It's a false comfort to say the murder and rape of women is caused by sexism
Aiia Maasarwe’s death has been used as grist for the gender culture wars, a pointless loop of generalisation, accusation and defensiveness
We don’t have to politicise every act of violence against a woman. It may relieve the anger and sadness to cry “this must stop”, or to blame the patriarchy, or to, as writer Clementine Ford did after the horrific murder of Aiia Maasarwe last week, demand men “pick a side” because “you are all implicated”.
But it doesn’t help.
Barely a day after Maasarwe’s body was found in Bundoora in Melbourne’s north, allegedly the victim of a random killer (a 20-year-old man has been charged with her rape and murder), the 21-year-old Palestinian’s death was grist for the gender culture wars, a pointless loop of generalisation, accusation and defensivenes
A few days before, there was a flurry about the Gillette’s “the best men can be” advertisement and what it said about masculinity in the age of #MeToo. That was all good fun – and there were some important points made, too – but this was about a murder of a young exchange student. Some things are too serious for a hot take, too heartbreaking to be seized upon as evidence for well-worn positions.
As he did after the murder of comedian Eurydice Dixon six months ago, Victorian premier Daniel Andrews spoke nonsense when he sent condolences to the family of Maasarwe. This crime was really about the “culture of violence against women”, he said. We have to stop “blaming ‘bad men’ for these crimes, while ignoring the sexist attitudes in our society that created them”.
Let’s not use the murders of women to score ideological points
There is no evidence that I’m aware of that the extremely rare instances of random rape and murder of women – two or three a year nationwide according to the Australian Institute of Criminology, with little change in 30 years – has anything to do with casual sexist attitudes. There is no causal link between men refusing to “call out” a sexist joke and the rape and murder of a stranger.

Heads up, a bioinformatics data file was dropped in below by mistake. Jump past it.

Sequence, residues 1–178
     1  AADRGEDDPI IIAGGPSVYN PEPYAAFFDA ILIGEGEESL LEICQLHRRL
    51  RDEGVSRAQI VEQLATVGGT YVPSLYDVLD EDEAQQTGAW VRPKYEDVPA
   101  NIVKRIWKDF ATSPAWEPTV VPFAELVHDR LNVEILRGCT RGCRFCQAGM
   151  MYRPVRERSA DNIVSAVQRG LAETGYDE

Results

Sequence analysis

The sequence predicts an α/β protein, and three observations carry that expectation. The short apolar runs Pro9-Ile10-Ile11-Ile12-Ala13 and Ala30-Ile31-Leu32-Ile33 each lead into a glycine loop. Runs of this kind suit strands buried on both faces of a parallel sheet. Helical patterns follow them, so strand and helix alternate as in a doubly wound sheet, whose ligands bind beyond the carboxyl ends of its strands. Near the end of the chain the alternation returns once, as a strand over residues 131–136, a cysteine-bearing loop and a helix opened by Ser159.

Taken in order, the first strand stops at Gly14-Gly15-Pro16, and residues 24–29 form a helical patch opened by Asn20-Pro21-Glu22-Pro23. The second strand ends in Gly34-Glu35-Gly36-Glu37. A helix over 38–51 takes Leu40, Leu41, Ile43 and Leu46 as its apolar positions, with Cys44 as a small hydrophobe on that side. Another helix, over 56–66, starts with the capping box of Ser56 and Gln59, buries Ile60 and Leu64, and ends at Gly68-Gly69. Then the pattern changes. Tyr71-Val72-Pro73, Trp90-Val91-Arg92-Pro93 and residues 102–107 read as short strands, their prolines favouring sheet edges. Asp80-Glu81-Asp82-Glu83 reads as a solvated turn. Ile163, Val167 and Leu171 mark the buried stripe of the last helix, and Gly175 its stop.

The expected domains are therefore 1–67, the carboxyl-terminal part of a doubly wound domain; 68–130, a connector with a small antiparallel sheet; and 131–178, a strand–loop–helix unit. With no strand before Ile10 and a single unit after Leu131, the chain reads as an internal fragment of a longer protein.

Some things are too serious for a hot take, too heartbreaking to be seized upon as evidence for well-worn positions
To suggest, as Ford did, that while not all men are responsible for such crimes (big of her), that “as you exist in a class of people who maintain these rights and privileges over others it is up to you to be active in destroying that”, is about as valid as suggesting Muslims have collective responsibility for a terrorist act committed in the name of Islam.
The loop of fury is endless. Journalist and broadcaster Mike Carlton tweeted that Ford’s view was “bullshit” and I had some sympathy for his position. There are ugly trolling men out there, to be sure, but it is all but impossible for any man to express his distaste for trite accusations that unless men speak up against sexism – a good thing – they are collectively responsible for a horrific rape and murder. To do so proves the accuser’s point. Men are such snowflakes! How can the poor things be offended when WOMEN ARE BEING RAPED AND MURDERED IN OUR STREETS? Is this a culture war win-win, or lose-lose.
To step back, we have a serious male violence problem (and it would be terrific if Andrews and others would discuss that more, although that doesn’t take away from the domestic violence crisis, undoubtedly gendered).
Almost 90% of those who commit homicide (murder and manslaughter) are men. Men make up 64% of homicide victims too. Even in stranger homicides – much less common than murders of family members or acquaintances – 92% of victims are men.